KLove trades are being proposed at a fast and furious pace as we approach the draft and ol' No. 42 will likely be gone in a couple weeks. Can Flip pull off a good trade? Don't know, but my normally half full glass is half empty now. The Wolves haven't been doing much lately to inspire confidence. In the meantime, in other Canis activities, we've had some excellent music posts lately featuring bluegrass, hip hop, and classic country. Thought I'd give one a try on another genre: Americana.
The name Americana was coined in the early 90s to describe music that incorporated influences from American roots music including country, folk, rock, blues, and gospel. There are other definitions, too. And some enthusiasts say that it's hard to define but that you know it when you hear it. The name alternative country was created about the same time. The terms are sometimes used synonymously, but Americana seems broader and more inclusive to me. Definitions aside, I've included a few of each in this post. (Warning: Some videos contain twang.)
Some of the roots of Americana can be traced back to the country rock sound created by the Byrds in the late 60s. Although the Byrds included a few country sounding tunes in their early albums, they totally merged rock and country in Sweetheart of the Rodeo.
Although Sweetheart is widely considered to be the first country rock album, band members Gene Clark and Gram Parsons each made country sounding recordings a year earlier. Take a listen.
Parsons and Chris Hillman left the Byrds shortly after Sweetheart was completed, moving on to form the Flying Burrito Brothers. The Burrito's first album- The Gilded Palace of Sin- was another classic. Sin City, one of Parsons' songs from the album, was written about the City of Los Angeles.
Back in the Twin Cities, the Jayhawks were making their own brand of alt-country. The group formed in the mid-80s and featured the excellent harmonies and songwriting of Gary Olson and Mark Louris. Waiting for the Sun is from their outstanding Hollywood Town Hall album.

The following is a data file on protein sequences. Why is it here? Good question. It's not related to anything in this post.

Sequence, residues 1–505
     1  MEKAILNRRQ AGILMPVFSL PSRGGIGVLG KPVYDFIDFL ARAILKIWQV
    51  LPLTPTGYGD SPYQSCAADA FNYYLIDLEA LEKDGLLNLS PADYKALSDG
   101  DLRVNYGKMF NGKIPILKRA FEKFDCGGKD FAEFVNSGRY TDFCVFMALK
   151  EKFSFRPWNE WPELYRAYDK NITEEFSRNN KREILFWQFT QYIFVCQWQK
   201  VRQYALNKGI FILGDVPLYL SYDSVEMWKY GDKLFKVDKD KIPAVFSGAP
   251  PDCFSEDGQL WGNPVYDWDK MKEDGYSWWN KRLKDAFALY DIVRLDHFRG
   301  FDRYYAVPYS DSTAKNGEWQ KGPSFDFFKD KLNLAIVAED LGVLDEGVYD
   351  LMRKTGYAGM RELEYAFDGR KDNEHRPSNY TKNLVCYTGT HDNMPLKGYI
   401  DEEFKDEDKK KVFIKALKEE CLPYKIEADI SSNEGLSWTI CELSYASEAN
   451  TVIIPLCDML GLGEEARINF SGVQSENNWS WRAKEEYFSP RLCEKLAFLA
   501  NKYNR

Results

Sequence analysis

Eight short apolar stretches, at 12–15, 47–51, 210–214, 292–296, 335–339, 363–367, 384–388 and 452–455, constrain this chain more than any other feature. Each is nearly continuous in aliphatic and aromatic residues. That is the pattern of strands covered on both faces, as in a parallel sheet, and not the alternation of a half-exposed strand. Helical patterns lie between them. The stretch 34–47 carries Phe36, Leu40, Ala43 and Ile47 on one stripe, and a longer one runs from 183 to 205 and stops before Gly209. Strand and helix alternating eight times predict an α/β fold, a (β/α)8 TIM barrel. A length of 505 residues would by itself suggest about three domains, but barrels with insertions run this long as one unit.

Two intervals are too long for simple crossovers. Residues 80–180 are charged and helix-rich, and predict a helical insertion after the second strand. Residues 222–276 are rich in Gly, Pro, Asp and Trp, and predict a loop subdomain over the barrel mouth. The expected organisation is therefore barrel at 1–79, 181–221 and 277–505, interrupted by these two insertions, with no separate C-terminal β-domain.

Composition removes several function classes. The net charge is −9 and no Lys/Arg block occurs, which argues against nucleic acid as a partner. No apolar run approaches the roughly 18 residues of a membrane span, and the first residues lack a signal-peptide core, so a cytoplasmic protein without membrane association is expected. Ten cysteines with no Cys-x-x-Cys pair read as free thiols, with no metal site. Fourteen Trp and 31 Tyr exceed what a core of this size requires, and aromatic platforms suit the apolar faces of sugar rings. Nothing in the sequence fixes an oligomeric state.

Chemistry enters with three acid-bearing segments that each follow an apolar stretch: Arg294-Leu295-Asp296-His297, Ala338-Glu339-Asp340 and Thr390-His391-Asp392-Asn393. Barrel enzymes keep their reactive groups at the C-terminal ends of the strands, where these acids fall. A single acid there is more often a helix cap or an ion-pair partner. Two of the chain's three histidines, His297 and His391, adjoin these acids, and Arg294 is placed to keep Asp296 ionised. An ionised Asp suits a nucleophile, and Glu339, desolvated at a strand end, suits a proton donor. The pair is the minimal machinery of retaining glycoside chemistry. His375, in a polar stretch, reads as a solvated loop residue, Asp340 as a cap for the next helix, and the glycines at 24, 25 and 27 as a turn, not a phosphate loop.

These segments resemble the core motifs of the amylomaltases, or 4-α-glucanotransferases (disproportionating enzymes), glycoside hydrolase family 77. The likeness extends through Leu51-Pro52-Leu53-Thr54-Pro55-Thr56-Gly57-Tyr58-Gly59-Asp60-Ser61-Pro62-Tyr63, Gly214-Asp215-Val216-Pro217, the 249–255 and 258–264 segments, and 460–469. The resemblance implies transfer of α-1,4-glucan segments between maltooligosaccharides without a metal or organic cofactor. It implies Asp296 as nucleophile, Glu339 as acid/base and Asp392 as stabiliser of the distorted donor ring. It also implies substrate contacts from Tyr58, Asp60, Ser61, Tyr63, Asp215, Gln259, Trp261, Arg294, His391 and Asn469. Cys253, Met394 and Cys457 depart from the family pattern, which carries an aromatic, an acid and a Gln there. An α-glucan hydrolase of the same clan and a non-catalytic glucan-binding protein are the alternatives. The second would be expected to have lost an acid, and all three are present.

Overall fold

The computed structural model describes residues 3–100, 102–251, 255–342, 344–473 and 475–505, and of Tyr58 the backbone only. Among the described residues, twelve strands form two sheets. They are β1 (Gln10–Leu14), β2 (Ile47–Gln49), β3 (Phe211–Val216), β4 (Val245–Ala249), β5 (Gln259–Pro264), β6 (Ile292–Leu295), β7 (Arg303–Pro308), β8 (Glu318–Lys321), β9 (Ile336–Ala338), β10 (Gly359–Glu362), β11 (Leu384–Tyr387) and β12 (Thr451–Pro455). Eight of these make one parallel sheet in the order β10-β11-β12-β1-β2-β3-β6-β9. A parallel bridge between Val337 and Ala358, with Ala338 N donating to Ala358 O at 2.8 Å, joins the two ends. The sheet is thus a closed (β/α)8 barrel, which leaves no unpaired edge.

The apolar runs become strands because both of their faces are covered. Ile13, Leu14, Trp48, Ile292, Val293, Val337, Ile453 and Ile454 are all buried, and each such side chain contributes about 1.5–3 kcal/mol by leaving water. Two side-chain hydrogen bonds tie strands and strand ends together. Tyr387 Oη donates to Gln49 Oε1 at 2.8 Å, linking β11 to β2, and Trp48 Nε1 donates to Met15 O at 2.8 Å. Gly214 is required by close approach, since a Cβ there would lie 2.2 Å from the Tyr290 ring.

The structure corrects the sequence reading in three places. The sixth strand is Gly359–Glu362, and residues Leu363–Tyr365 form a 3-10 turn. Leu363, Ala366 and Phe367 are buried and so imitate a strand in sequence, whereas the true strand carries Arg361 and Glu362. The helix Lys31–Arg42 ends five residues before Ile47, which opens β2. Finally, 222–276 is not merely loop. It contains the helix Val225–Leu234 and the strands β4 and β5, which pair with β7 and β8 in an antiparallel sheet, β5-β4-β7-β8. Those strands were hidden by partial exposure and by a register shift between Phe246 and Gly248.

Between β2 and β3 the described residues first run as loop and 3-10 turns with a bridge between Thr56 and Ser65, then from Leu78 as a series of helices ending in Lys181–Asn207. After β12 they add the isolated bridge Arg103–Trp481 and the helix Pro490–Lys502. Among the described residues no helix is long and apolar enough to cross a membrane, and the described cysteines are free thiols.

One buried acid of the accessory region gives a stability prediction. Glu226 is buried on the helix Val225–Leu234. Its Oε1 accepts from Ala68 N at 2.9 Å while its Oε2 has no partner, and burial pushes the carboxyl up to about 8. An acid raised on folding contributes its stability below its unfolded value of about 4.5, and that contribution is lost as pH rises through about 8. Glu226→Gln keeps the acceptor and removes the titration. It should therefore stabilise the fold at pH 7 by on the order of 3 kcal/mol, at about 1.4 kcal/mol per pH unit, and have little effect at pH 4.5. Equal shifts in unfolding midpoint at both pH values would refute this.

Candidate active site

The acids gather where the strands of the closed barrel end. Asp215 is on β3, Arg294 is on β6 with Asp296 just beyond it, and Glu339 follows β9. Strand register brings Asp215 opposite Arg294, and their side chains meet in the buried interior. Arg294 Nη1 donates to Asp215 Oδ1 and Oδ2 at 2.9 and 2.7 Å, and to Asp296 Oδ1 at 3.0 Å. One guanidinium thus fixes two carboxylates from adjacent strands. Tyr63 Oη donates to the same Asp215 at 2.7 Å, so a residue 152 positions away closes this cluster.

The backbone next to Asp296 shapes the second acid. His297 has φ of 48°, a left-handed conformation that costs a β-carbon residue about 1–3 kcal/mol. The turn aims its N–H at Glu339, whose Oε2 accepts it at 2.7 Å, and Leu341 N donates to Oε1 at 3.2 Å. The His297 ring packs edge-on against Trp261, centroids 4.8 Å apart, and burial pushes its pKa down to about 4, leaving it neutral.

Uncle Tupelo was one of the first groups to be labelled as alt-country after their No Depression album came out in 1990. The band formed in the late 80s, was together for a few years, and eventually split to form the excellent groups Son Volt and Wilco. Here's Uncle Tupelo's version of "No Depression," a gospel tune made popular by the Carter family during the Great Depression.
The Bastard Sons of Johnny Cash started out in San Diego in the mid-90s before moving to Austin several years ago. BTW, they did ask Johnny for permission to use his name. Although his "people" recommended against it, Johnny said yes.
The Felice Brothers grew up not far from Woodstock in upstate New York. They're a little rough around the edges but they make good music and their concerts can be high energy and raucous events.
Freakwater started out in Louisville in the 80s. Their sound is spare and traditional. Some might say they're a little too folky to be called alt-country, but they're definitely Americana. Extra hoopus points if you know what the word freakwater would mean to Deputy U.S. Marshal Raylan Givens and the folks back in Harlan County.
Here's a fun video featuring Stanley Dural Jr. (a.k.a. Buckwheat Zydeco), Dwight Yoakum, and David Hidalgo covering an old classic by Hank Williams. And hey, good lookin' women are included in the video too.
Thought I'd end with the closing song (I Shall Be Released) from the best concert movie EVAR (The Last Waltz). This might be the most amazing collection of Americana icons ever on the same stage at the same time. Bob Dylan is inspired and in good form, Richard Manuel sounds great, and Robbie Robertson and Neil Young seem to be having a high time (really high in Neil's case). What a great concert!
If you feel so inclined, link us to some music you've been listening to lately. If Americana isn't your cup of tea, cool, link us to your favorite new artist.